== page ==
Earlier, after the age of 62, a judge would retire. But if he is now reappointed in a tribunal, he can work for two more years. The government is moving in the right direction.

The Law Commission has been at the forefront of initiating positive changes in tribunals. Justice AN Mittal, Chairman, UP Law Commission, said: “After 2016, the situation in tribunals started deteriorating. As per Law Commission recommendations, the recruitment process at tribunals should start six months before a member retires. Tribunals should be proactive in recruitments.”

He said that the Law Commission had outlined the norms for recruitment at tribunals. “The Law Commission has suggested that a Committee led by the chief justice of India should be in charge of appointments to important posts. These include the chairman, vice-chairman and judicial members of the various central tribunals. But theses directions are not being followed,” he rued. “New rules in 2020 are common for three years for all posts. Recruitment panels have been reconstituted and they should enquire recruitment options years in advance. The government too should quickly give assent to names given by the panel.”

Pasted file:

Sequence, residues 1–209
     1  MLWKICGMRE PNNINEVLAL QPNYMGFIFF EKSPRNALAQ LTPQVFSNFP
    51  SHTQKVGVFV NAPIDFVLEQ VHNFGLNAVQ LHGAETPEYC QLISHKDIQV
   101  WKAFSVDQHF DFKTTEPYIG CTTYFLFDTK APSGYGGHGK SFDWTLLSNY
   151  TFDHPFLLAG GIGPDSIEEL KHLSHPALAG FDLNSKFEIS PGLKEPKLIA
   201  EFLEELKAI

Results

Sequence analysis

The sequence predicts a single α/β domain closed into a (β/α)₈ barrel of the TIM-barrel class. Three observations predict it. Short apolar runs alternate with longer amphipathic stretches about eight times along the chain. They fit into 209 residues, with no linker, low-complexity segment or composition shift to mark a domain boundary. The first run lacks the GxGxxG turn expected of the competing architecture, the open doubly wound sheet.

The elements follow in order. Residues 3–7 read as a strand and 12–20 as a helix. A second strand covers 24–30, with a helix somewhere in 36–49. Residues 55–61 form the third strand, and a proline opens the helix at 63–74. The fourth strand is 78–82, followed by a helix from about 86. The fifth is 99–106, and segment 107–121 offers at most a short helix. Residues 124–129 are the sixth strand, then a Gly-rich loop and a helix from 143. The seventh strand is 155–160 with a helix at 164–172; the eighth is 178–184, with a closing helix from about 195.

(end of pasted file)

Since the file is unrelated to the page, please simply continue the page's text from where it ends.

Then there is also the Cyber Appellate Tribunal (CyAT), which was established in 2006 as “a specialised forum to redress cyber fraud”. However, proper functioning of the Tribunal with adjudicating officers is necessary. This is because ordinary civil courts are barred from hearing claims below the amount of Rs 5 crore. Such cases can be handled only by the adjudicating officer or CAT. So non-appointments here hurts.

Justice Rajesh Tandon, ex-chairman, CyAT, said that the problem is not only manpower crunch but overlapping of jurisdictions, especially in cyber matters. Jurisdiction of this Tribunal and the police overlaps in certain areas of cyber crime and in certain criminal provisions/sections.

Coming to the Income Tax Appellate Tribunal, it was created in 1941. At that time, it was put under the finance department, but was moved to the legislative department (ministry of law and justice) a year later to ensure its independence. This arrangement continues till date, and is perhaps the primary reason that it is one of the best-performing tribunals. Other tribunals can also be made to function under the law ministry rather than with ministries against which they are to pass orders. However, there are internal contradictions.